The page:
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Zach Sanford ready for graduate-level work with the Capitals

Zach Sanford handles the puck away from Islanders defenseman Nick Leddy. (Molly Riley/Associated Press)

In the Washington Capitals' courtship of forward Zach Sanford, Coach Barry Trotz decided to make a personal pitch. He told Sanford that after playing hockey for two seasons at Boston College, it was time for more mature competition "against men." He told him that younger prospects had passed him in their development by spending a season in the American Hockey League. Finally, he told him that he believed he was ready for professional hockey.

“Kind of becomes a no-brainer when your head coach is actively recruiting you,” General Manager Brian MacLellan said with a laugh. “I don’t know if I would say no. ‘Yeah, he likes me and wants me to come play, but no, I’m going to stay in college?’”

Sanford took a few days to talk it over with his parents, but the Capitals had persuaded him, providing a push that since has been validated. Competing for a roster spot on a team that seemingly had just one opening at forward, Sanford not only made the team but also appears poised to start the season on the third line, leap-frogging several veteran forwards.

“You know, honestly, I tried not to have any expectations,” Sanford said. “I just came in and worked as hard as I can to maybe turn some heads and kind of show what I’ve got for maybe the future and not so much right now.

“But now it’s time to show what I’ve got for right now.”

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Playing his first professional hockey games during the preseason while also trying to make the opening night roster, Sanford never appeared rattled. When Washington moved him from his natural position of center to the wing, his play there was so poised that Trotz compared him to former Capitals forward Joel Ward. His “calmness” has enabled him to make plays along the wall rather than just “whacking the puck out,” Trotz said.

“You judge players on what they do when they’re under a pressure situation, and he’s made calm, correct plays on a very consistent basis every time he’s been on the ice,” Trotz said. “To me, when you make those right decisions and you’re not fazed by the pressure and the competition and you can think through that, then it shows me that you’re a pretty good pro.”

At 6 feet 4 and 191 pounds, Sanford, a 2013 second-round pick, long has stood out at Washington’s development camps. But as Trotz watched the 21-year-old playing beside the organization’s other prospects in early July, he said he saw some “red flags.” Sanford scored 13 goals and 26 assists in 41 games with the Eagles in his sophomore season, but Trotz was concerned that prospects younger than Sanford had progressed past him simply because they were playing better competition with the Hershey Bears in the AHL.

This summer, some prospects took advantage of a loop-hole in the collective bargaining agreement that allows them to spurn the team that drafted them and become unrestricted free agents after playing four seasons in college. Forward Jimmy Vesey, whom Nashville drafted in the third round in 2012, played four seasons at Harvard, became an unrestricted free agent Aug. 15 and signed with the New York Rangers. Washington experienced the same scenario with center Thomas DiPauli, whom they drafted in the fourth round in 2012. After playing four years at Notre Dame, DiPauli picked Pittsburgh in unrestricted free agency.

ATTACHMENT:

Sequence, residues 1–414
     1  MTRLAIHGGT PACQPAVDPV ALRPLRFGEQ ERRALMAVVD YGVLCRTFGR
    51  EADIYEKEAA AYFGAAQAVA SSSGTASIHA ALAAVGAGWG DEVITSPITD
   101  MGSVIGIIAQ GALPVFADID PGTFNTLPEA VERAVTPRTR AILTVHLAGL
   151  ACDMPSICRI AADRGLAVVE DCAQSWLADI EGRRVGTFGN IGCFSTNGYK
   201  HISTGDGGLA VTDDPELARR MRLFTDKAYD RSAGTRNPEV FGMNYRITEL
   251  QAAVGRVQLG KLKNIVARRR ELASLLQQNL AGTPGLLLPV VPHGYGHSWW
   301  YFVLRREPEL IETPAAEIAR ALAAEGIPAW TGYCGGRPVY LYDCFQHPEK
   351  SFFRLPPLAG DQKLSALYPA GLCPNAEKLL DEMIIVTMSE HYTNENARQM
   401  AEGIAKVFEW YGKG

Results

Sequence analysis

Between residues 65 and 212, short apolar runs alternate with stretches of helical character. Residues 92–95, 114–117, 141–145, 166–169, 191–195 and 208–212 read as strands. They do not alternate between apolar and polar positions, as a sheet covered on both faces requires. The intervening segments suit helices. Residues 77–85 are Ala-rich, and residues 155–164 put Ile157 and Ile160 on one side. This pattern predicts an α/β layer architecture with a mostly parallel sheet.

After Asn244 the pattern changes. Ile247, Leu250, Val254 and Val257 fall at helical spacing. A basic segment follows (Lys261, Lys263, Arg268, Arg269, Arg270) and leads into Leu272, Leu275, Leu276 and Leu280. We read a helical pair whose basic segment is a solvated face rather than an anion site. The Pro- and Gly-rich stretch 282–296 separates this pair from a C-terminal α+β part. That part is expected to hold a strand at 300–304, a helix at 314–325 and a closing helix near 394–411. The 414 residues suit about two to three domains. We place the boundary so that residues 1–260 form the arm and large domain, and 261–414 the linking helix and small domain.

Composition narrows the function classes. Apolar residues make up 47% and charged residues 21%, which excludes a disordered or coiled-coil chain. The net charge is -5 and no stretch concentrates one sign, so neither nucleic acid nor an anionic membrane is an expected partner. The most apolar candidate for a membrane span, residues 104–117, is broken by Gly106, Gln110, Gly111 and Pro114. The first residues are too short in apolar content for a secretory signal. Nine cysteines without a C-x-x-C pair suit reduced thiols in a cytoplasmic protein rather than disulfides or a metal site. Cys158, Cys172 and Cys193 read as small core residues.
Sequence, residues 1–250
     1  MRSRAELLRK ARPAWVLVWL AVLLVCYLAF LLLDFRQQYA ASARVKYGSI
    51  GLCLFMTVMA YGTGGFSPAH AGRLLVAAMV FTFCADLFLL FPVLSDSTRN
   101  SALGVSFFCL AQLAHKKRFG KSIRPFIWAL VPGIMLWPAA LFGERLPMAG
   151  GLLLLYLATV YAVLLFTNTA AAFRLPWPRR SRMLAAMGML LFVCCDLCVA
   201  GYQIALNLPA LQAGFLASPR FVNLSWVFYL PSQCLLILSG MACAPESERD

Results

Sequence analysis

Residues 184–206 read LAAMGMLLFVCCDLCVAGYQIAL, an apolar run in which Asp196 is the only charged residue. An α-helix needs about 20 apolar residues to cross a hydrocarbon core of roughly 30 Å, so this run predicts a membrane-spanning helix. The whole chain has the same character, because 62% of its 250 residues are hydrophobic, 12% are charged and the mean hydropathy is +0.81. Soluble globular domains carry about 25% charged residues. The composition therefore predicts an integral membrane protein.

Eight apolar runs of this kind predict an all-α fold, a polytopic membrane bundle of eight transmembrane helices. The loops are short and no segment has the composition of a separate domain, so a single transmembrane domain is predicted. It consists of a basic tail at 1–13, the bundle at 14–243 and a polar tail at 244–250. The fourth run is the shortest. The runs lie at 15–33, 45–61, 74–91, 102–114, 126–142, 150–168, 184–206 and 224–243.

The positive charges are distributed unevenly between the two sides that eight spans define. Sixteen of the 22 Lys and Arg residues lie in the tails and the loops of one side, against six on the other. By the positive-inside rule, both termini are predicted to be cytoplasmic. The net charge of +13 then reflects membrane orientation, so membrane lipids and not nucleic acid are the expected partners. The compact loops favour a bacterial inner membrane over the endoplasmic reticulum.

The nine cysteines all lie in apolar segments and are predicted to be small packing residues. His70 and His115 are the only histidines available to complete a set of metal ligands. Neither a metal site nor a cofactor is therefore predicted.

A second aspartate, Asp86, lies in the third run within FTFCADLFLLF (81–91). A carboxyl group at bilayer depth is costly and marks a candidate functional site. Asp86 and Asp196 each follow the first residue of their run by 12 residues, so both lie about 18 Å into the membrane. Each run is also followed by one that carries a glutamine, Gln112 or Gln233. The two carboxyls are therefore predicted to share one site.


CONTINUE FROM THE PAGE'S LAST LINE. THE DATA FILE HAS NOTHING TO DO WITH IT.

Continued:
The Capitals didn’t want the same to happen with Sanford.

“That accelerates it, yeah,” MacLellan said. “It puts an urgency to it. Because what happens if he decides to go to Aug. 15 next year? You never know what’s going on behind the scenes with relationships with agents and circumstances that we decided, ‘Let’s try and get him. Let’s be aggressive on it.’ And we got him, and so far, it’s worked out.”

Trotz has said that Sanford’s play will dictate his playing time, and to this point, he has earned it. In the preseason finale, a dress rehearsal for the Capitals’ season opener on Thursday in Pittsburgh, Sanford was the third-line left wing with center Lars Eller and Marcus Johansson. For a team that has prioritized adding scoring depth, Sanford’s place there is a high compliment.

After the game, Trotz indicated that was a forward trio that could stick: “You’ve got a little bit of size on that line, you’ve got a little bit of weight, you’ve got some experience, you’ve got some speed, you’ve got some creativity and they’re responsible defensively, so that being said, that sounds like a pretty good line for any line.”

With each round of training camp cuts Sanford survived, he made more of an effort to befriend his new teammates. He said a team-wide round of golf on a day off in North Carolina helped the bonding process. How comfortable Sanford should get in Washington will be up to him.

“Right now, I don’t see any reason to limit his ice time based on the way he’s played,” Trotz said. “His play will dictate that. . . . I will deal with it just like we do with every player. We want a young player to develop, so if he’s not in a situation where he’s getting the ice time we need, then we’ll put him in a situation that he needs to be in.

“I think we had a real clear message with Zach when he decided to come out of college. We felt he was ready to come out and contribute.”